UK VetVaccNet, SAPHIR, PARAGONE European Veterinary Vaccinology Workshop, Ghent May 2016
PARAGONE partners from University College Dublin attended the European Veterinary Vaccinology Workshop in Ghent. The aim of the workshop was to provide participants with the state –of-the-art in vaccines for veterinary –related diseases, their development and challenges.
The first day Catherine Charreyre gave a very interesting talk, aimed mainly to senior researchers, about the gaps and needs for the development of veterinary vaccines. What are the objectives when developing vaccines for the private company? She explained that the key point lays on how much value an investment or project adds to the firm, as well as the market potential.
Next, Jonathan Rushton presented his work about the reality of vaccine use in the field and socio-economic aspects. This topic created an opportunity for the audience to give their opinion in the socio-economic impact of an animal disease and all the factors that could influence the vaccine development.
After this, Michael Francis presented the new technologies in veterinary vaccine development explaining the features to make an ideal vaccine as well as the challenges that this involves.
Following this, Danny Goovaerts gave an overview regarding the innate immunity in livestock and adjuvants. What is the ideal combination of antigen and adjuvant in a formulation in order to induce a protective immune response?
This and other questions, chaired by Bruno M. Goddeeris, were opened to discussion and promoted interactive and productive debates that connected the audience from different fields.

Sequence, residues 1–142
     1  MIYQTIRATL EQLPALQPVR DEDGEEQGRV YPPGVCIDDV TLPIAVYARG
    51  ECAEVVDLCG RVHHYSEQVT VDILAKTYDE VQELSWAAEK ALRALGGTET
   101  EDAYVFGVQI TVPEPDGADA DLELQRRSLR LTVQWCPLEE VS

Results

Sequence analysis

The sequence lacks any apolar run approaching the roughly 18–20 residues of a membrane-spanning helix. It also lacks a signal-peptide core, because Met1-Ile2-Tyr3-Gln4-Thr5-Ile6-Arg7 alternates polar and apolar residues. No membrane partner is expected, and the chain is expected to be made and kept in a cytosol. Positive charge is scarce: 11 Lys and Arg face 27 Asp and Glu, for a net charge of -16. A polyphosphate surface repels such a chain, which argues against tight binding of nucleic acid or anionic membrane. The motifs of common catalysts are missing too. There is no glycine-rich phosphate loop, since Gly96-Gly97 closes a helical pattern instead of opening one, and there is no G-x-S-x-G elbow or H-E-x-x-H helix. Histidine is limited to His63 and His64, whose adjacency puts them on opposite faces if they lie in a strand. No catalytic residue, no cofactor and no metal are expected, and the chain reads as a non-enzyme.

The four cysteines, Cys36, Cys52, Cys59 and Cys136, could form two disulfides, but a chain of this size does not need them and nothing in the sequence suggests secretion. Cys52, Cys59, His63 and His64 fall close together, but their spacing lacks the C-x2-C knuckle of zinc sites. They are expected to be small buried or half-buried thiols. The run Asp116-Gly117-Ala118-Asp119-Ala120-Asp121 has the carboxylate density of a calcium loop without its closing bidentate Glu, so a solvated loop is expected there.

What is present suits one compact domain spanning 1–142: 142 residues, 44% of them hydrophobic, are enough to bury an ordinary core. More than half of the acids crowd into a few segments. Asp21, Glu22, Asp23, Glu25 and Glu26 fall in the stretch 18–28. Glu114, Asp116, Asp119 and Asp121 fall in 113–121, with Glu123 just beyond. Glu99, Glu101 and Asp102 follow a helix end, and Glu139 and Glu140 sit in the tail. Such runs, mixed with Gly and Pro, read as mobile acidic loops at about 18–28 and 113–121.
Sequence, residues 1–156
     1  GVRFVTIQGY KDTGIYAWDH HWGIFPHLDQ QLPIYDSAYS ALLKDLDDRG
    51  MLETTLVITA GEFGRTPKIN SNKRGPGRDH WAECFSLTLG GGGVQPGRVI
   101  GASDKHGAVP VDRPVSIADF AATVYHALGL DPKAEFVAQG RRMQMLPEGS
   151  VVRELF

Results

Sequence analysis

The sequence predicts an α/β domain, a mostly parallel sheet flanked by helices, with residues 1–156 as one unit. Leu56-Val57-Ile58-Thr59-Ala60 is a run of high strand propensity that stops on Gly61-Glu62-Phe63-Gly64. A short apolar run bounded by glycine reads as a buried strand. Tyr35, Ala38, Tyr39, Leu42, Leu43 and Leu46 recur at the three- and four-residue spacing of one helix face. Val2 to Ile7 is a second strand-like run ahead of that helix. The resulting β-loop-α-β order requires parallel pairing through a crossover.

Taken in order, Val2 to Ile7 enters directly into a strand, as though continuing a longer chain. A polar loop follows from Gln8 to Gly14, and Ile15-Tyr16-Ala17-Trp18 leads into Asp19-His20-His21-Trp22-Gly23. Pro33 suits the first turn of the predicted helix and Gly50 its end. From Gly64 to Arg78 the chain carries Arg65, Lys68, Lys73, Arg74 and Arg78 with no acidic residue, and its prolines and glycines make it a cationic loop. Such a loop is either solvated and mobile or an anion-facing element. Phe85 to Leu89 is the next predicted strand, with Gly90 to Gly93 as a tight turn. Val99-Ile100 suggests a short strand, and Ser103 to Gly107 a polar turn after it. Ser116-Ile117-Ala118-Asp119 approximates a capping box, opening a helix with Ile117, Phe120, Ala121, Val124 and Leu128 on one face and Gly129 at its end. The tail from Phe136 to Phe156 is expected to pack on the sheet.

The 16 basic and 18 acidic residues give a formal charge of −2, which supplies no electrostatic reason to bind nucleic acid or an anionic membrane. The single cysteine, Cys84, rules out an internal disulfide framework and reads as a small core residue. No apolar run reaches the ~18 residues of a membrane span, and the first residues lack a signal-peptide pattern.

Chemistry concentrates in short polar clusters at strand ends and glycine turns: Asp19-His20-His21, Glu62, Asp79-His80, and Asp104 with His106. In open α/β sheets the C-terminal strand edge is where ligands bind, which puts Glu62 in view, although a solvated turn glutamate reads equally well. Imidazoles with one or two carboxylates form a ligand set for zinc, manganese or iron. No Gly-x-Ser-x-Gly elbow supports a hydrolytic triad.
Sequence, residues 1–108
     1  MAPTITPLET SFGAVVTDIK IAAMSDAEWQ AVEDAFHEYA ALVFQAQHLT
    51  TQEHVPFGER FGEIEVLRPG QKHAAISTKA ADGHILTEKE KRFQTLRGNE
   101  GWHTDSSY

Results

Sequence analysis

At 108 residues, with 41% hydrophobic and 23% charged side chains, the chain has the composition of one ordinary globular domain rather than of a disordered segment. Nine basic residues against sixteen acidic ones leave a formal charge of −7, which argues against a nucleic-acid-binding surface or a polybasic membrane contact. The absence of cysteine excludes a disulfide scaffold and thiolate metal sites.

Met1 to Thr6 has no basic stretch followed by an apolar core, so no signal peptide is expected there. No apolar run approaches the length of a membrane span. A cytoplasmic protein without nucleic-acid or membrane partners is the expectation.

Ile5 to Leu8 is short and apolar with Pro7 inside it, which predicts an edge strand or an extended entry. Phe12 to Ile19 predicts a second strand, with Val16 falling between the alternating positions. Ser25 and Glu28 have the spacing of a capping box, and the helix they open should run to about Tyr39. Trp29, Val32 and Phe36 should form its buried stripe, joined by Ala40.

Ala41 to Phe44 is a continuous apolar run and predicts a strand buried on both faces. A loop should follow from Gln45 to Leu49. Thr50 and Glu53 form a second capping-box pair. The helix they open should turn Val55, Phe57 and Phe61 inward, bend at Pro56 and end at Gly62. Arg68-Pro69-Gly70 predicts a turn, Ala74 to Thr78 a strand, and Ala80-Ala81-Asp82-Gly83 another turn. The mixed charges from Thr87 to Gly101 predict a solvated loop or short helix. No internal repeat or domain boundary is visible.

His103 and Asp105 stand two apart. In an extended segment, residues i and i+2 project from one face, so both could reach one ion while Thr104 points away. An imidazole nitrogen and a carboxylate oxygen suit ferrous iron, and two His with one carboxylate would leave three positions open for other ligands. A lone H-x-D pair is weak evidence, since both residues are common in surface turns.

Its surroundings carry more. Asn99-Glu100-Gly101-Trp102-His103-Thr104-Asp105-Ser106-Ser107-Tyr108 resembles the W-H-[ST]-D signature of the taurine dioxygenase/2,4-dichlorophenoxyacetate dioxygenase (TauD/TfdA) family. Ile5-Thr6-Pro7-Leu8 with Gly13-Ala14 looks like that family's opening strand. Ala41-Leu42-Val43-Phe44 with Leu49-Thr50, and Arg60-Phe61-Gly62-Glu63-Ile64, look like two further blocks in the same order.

Finishing off the day, the social event and amazing dinner provided us with the opportunity to develop networks with people working in the same or similar fields.
The second day started off with an attention-grabbing talk conducted by Artur Summerfield about markers of vaccine efficacy, and how this could correlate to protection.
This was very applicable to our work because we are concerned about deciphering the reasons of the variability in vaccine efficacy between trials using the same antigen. He emphasised we should first answer the following question: what does protection really mean? There are many types of markers of protection, such as ELISA titres, avidity and affinity, antibody function and protection based on T cell responses; however, each correlate of protection is valid only for a defined vaccine and a certain pathogen.
Finally, Jacqui Matthews gave a fascinating review about the challenges to develop effective vaccines for multicellular parasites. She explained the problems that these kinds of vaccines have faced in comparison to others (such as bacterial or virus vaccines). The complexity of these pathogens along with the effect they exert on the immune system of their host, are the main challenges in this matter. She reviewed the types of parasite vaccines developed up-to date and some examples that have showed great success.
Through all the talks there was a great discussion with people from different areas such as industry and academia, senior and junior scientists. This workshop provided us with the opportunity to exchange ideas and learn from the most experienced Immunology and Vaccinology professionals in Europe.
This workshop has given me a different point of view about the development of veterinary vaccines, because as PhD students, we usually think just about our own team work and sometimes we can’t see the general overall significance of the vaccine development worm nor its economic importance. It was great to hear from all the people that are working together for getting one single goal. To be honest, on one hand I had feelings of lack of knowledges but on the other hand I felt the need to learn more about it and to get new goals that had not been raised before. It was really useful, congratulations! I can only say thanks for this nice course and for the opportunity to meet with fabulous people.
Alejandro Escamilla Sánchez